I ordered some online a few days ago, but I only paid 20 bucks (plus shipping) for a set of a few different sizes. I needed some very small ones for jewelry making, which may be why they were so cheap. They're from a reputable company, so we'll see how good they are when I get them.
If you ask your dentist he might give you his used diamond bits for nothing - they get through quite a few and most are still OK. And if the idea of using a drill that's been through someone's teeth doesn't appeal, ask him for the address of his supplier because they are actually quite cheap. Also they are real professional quality. I once got some pricey diamond burrs which were sold in a DIY store for use with high speed mini-drills, and I wore out three trying to trim a bathroom tile.
That's exciting! Good luck, post some pictures of your designs (or link if you are doing Esty)
Etsy I mean
Very Keri (author)  Lintballoon6 years ago
Thanks! That was the plan! I opened an Etsy shop about 2 weeks ago, but there's nothing in it yet...guess I should have planned that out a little better :P
That is so awesome!
I want to get some sea glass. :-(
It only takes about a week to make in a rock tumbler. If you can't drill it, you might want to consider wire wrapping or epoxy to glue a fitting onto it.
if you plan to sell any "seaglass" you made, it must be identified as imitation. believe it or not there is a seaglass association, and they will black list anyone they find selling rocktumbled glass as genuine sea glass.
Blacklist me from what?  It's an organization that doesn't have any legal backing to it (unlike, say, claiming something is 'native american')?
Very Keri (author)  jtobako4 years ago
I agree with you jtobako about the blacklisting thing, especially if you're not a member. The scenario that thecrimsonmaster is describing is fraud. I wouldn't be worried about the sea glass association, I would be worried about the legal aspect. It is doubtful that you'd get into much trouble if you're a small time seller, but it is still illegal and punishable if you get caught. You weren't suggesting anyone does that anyway, just that you could make your own if you wanted to.
It's only fraud if you specifically state that it is natural and it isn't (or the other way around), not for using the term 'sea glass' unless someone can point to a law that requires differentiating (for example, hallmarking laws, which require marking how much precious metal is in a sold piece and who made it or documenting when a piece of ivory was originally taken-pre '72 to be legal if I remember right).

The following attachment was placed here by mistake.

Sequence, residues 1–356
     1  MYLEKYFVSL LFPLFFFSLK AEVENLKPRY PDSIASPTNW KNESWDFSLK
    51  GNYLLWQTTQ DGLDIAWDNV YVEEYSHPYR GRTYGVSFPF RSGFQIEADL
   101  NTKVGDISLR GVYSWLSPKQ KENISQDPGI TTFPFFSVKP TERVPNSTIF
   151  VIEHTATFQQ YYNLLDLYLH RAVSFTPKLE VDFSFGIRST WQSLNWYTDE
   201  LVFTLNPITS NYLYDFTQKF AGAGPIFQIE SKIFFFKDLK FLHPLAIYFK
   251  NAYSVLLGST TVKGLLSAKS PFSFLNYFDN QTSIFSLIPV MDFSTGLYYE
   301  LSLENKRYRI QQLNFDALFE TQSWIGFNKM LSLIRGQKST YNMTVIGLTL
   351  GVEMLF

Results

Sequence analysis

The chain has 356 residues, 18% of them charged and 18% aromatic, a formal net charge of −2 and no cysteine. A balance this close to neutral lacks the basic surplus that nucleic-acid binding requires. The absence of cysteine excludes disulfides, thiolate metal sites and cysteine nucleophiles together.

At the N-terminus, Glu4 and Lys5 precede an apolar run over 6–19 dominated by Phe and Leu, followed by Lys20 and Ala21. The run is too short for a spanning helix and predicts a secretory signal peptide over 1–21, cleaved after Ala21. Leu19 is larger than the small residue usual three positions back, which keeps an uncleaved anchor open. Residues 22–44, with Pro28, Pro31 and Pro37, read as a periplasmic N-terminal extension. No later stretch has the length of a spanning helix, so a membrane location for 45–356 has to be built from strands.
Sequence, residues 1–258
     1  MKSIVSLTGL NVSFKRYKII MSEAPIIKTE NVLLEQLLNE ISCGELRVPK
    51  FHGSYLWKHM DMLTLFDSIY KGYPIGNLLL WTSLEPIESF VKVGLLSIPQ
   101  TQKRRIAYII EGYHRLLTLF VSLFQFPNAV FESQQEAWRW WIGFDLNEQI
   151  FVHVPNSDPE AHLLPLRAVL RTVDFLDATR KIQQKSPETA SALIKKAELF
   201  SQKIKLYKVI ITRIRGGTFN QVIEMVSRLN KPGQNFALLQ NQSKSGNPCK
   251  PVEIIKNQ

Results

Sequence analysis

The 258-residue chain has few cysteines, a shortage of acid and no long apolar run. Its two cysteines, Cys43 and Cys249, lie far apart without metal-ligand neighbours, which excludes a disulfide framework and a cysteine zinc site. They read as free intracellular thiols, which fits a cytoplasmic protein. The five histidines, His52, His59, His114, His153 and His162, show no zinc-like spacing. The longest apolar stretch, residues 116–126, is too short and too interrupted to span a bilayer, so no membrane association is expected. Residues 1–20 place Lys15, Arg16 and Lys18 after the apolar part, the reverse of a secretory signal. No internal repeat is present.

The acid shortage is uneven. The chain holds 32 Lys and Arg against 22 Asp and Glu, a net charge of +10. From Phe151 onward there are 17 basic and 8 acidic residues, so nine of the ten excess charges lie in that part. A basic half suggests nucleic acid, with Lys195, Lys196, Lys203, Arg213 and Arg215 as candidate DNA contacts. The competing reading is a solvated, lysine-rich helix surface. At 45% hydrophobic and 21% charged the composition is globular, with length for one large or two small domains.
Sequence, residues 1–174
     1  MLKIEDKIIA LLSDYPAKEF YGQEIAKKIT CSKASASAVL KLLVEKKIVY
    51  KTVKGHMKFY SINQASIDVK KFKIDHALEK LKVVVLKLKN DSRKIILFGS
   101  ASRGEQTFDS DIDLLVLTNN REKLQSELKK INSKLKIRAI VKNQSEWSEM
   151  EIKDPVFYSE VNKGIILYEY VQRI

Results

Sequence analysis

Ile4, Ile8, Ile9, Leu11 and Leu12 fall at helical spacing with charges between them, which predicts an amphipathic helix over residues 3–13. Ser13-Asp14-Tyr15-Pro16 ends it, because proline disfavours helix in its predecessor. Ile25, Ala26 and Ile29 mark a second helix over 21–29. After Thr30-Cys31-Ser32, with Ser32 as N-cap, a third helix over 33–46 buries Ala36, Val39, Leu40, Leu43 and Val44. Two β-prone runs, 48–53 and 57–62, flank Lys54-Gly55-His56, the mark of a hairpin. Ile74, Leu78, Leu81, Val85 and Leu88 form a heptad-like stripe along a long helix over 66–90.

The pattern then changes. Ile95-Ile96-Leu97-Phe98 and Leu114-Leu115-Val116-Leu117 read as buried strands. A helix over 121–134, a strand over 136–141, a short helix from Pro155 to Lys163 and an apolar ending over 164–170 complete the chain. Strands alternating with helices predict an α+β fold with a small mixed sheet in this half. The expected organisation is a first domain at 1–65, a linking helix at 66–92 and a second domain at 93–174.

For top quality seaglass it needs a minimum of 30 years and waves that are a foot high and can travel for 25 kilometers straight. those are ideal conditions, so small lakes would need a lot longer time(closer to the 50 - 100 you said). i've found quite a bit of sea glass around lake ontario, and as for jewlery, you could do wire wrap jewlery, really easy to learn. 
Very Keri (author)  thecrimsonmaster4 years ago
Hi,
It's been quite a while since I wrote this Instructable. At the time, I was dabbling in jewelry making, and now I have a quite a collection. I don't specialize in beach glass jewelry, but I have made a few pieces. I'm very aware of the wire wrapping technique most people use, and it is beautiful, but it's really not my aesthetic. I allow myself to drill one tiny hole so I can attach the glass to my jewelry.  Here is one of my recent creations. I don't usually work with brass, I prefer Sterling Silver, but I felt that this one looked better with an antique look.
030.JPG
ikeike404 years ago
over here in florida we have one of the best spots but beacause of the bp oil spill it will be ruined soon.
its a pity about losing all that oil though...
yeah its a loss of oil and wildlife
Bluemini4 years ago
I like to beach comb the Spaceballs way...
Bump, Lol
bump, bump
you just made my day :) thank you
I've found lots of 'seaglass' in Lake Ontario and Georgian Bay in Lake Huron. I've found some rarer colours like cobalt fairly often. It's much nicer to beachcomb in Florida though ;).
Very Keri (author)  jellyfishattack6 years ago
Where are you beach combing in Florida? I never find anything, lol! I have to go out when it's raining or blazing hot to find things, otherwise the tourists have already snatched it up. I even drive as far away from the ocean front hotels as I can. I did get lucky and find an itty bitty piece of cobalt the last time I was home, it made my day! :)